As bandwidth isnīt a problem between us, there is no need for compressed audio.
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saratoga
post Jul 13 2013, 19:37
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Theres literally hundreds of direct video conferencing apps.
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zerowalker
post Jul 13 2013, 20:11
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QUOTE (saratoga @ Jul 13 2013, 20:37) *
Theres literally hundreds of direct video conferencing apps.


I am not interested in Video, though it would be nice to have that, and a lossless codec.
But that is surely a lot more complex as i canīt see any software using that.


What i am looking for is just Audio chat, without encoding.
Just pure PCM going through.
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julf
post Jul 13 2013, 20:47
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QUOTE (zerowalker @ Jul 13 2013, 21:11) *
What i am looking for is just Audio chat, without encoding.
Just pure PCM going through.


And why don't you want any encoding?
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zerowalker
post Jul 13 2013, 20:51
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QUOTE (julf @ Jul 13 2013, 21:47) *
QUOTE (zerowalker @ Jul 13 2013, 21:11) *
What i am looking for is just Audio chat, without encoding.
Just pure PCM going through.


And why don't you want any encoding?



Cause it adds latency, which i donīt want in this case.
Else i would gladly use Mumble, even though they havenīt allowed settings it to 2.5ms.
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julf
post Jul 13 2013, 20:57
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QUOTE (zerowalker @ Jul 13 2013, 21:51) *
Cause it adds latency, which i donīt want in this case.


Using the network will add more latency than the encoding.
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zerowalker
post Jul 13 2013, 21:00
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QUOTE (julf @ Jul 13 2013, 21:57) *
QUOTE (zerowalker @ Jul 13 2013, 21:51) *
Cause it adds latency, which i donīt want in this case.


Using the network will add more latency than the encoding.


Not in this case i think.

The latency is 3ms between us.

Or well, sure Opus 2.5 is less than 3ms, but itīs like 75% the latency added.

And well, i just want it, but i clearly understand that itīs not very useful overall.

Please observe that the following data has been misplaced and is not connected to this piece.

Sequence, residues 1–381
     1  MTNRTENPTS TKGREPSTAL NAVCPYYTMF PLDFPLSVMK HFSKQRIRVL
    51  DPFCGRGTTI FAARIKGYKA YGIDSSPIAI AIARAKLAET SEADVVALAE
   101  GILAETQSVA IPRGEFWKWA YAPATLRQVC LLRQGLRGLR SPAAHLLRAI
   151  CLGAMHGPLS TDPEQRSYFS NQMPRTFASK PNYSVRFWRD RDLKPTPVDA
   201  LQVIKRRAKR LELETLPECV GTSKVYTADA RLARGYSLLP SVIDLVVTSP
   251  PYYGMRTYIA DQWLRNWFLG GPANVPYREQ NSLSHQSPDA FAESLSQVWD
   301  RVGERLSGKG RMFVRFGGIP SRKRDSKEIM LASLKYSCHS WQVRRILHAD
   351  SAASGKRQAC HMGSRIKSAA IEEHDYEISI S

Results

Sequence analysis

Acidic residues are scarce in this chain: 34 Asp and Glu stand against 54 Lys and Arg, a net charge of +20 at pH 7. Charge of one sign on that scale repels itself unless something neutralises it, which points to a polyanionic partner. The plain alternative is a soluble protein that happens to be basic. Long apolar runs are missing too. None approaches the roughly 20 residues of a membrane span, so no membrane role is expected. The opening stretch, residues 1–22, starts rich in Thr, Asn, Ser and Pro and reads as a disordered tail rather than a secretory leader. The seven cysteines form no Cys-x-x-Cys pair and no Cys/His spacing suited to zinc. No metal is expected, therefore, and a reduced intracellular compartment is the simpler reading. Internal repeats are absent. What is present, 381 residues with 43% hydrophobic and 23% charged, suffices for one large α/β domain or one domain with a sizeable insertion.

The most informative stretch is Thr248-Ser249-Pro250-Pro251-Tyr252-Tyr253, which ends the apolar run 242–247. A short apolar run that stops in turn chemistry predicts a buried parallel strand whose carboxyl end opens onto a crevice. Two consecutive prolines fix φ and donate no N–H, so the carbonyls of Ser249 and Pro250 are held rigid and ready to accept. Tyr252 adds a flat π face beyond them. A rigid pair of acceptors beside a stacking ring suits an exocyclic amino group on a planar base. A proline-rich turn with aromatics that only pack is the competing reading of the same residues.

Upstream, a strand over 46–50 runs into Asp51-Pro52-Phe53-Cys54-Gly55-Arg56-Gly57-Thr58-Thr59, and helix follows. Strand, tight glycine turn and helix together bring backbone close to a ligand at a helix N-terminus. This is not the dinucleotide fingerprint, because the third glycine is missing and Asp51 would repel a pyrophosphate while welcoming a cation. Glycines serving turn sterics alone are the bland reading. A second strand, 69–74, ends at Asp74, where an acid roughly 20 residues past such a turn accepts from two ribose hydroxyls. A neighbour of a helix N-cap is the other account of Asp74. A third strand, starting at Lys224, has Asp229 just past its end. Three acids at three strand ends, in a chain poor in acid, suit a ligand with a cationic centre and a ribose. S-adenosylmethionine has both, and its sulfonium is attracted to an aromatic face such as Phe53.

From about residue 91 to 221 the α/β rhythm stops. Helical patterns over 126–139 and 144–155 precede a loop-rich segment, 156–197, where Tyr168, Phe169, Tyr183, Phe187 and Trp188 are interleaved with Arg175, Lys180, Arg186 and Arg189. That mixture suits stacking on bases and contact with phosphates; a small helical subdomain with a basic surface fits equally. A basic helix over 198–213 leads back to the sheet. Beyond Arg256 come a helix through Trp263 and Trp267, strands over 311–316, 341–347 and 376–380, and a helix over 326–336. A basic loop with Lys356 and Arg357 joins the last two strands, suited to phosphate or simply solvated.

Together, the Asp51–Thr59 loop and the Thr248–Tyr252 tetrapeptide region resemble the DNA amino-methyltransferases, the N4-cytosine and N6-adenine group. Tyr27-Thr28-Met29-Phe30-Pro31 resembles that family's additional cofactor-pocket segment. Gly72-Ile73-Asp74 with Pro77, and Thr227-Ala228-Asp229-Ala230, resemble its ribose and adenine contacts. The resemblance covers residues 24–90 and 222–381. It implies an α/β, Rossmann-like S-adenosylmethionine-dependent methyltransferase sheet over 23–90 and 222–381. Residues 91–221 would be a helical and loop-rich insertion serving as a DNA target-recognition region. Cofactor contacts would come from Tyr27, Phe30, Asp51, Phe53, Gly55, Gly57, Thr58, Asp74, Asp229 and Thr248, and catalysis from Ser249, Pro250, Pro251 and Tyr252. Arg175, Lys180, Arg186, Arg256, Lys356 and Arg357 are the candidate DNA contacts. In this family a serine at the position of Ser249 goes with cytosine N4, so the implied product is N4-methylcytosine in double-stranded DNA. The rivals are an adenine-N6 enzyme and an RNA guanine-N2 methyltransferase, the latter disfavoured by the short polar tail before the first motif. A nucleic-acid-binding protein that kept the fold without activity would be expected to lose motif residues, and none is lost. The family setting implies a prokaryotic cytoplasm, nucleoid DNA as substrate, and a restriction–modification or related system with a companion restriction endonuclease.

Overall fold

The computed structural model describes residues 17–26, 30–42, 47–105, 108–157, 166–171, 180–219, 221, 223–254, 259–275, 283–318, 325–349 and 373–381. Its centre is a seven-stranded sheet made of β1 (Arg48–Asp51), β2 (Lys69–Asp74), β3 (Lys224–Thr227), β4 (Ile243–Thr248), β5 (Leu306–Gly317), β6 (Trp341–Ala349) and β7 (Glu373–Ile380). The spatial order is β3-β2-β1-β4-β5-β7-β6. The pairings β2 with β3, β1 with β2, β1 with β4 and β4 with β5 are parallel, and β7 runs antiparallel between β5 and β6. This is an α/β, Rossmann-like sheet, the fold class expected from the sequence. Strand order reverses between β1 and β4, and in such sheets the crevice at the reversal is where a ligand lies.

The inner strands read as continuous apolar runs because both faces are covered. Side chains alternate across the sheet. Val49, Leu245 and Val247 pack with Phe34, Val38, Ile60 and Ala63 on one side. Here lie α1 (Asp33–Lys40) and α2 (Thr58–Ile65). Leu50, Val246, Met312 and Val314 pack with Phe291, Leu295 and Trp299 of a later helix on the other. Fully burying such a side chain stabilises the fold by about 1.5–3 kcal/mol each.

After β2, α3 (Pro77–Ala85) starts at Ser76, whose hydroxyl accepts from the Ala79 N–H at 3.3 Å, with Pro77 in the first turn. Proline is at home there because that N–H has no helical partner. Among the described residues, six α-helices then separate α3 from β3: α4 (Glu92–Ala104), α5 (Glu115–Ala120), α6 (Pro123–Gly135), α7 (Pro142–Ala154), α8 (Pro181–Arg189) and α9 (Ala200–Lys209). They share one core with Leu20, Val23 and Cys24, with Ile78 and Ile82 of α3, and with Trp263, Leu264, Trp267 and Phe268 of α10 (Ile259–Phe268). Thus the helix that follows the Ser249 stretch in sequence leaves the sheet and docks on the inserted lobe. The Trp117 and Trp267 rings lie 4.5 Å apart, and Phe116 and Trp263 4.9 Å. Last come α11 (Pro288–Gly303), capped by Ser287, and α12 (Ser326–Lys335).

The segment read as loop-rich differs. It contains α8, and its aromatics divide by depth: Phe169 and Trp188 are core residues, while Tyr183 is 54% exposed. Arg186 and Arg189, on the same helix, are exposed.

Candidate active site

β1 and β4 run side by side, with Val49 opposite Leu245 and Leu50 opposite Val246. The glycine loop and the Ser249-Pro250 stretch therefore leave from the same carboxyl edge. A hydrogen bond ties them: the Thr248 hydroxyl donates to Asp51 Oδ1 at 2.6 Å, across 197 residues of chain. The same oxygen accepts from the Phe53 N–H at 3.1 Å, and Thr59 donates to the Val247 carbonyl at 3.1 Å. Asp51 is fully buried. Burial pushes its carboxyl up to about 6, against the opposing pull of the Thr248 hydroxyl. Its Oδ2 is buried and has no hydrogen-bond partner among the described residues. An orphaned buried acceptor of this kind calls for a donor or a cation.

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DonP
post Jul 13 2013, 21:03
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You realize when you are quibbling about single digits of milliseconds it is like worrying about the latency if the other person was in the same room as you speaking directly from 5 feet away, right?
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zerowalker
post Jul 13 2013, 21:04
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QUOTE (DonP @ Jul 13 2013, 22:03) *
You realize when you are quibbling about single digits of milliseconds it is like worrying about the latency if the other person was in the same room as you speaking directly from 5 feet away, right?


Yes
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saratoga
post Jul 13 2013, 21:29
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QUOTE (zerowalker @ Jul 13 2013, 15:51) *
Cause it adds latency, which i donīt want in this case.
Else i would gladly use Mumble, even though they havenīt allowed settings it to 2.5ms.


The latency in the rest of your system will be larger than that anyway, so this reasoning is pointless.

QUOTE (zerowalker @ Jul 13 2013, 15:51) *
I am not interested in Video, though it would be nice to have that, and a lossless codec.
But that is surely a lot more complex as i canīt see any software using that.


Then don't use it?

Seriously, a couple minutes on Google and you could have something working ...
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[JAZ]
post Jul 13 2013, 22:11
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You don't find any solution to your problem, because your problem is not considered a problem that needs a solution.

You also forget other parts which add latency, namely the soundcard input/output.

Everything less than 20milliseconds is considered realtime. Your mobile phone is probably in the order of hundreds of milliseconds.

You could also consider a VoIP phone.

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zerowalker
post Jul 14 2013, 09:19
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QUOTE ([JAZ] @ Jul 13 2013, 23:11) *

You don't find any solution to your problem, because your problem is not considered a problem that needs a solution.

You also forget other parts which add latency, namely the soundcard input/output.

Everything less than 20milliseconds is considered realtime. Your mobile phone is probably in the order of hundreds of milliseconds.

You could also consider a VoIP phone.


Probably, damn, well it was worth asking for it.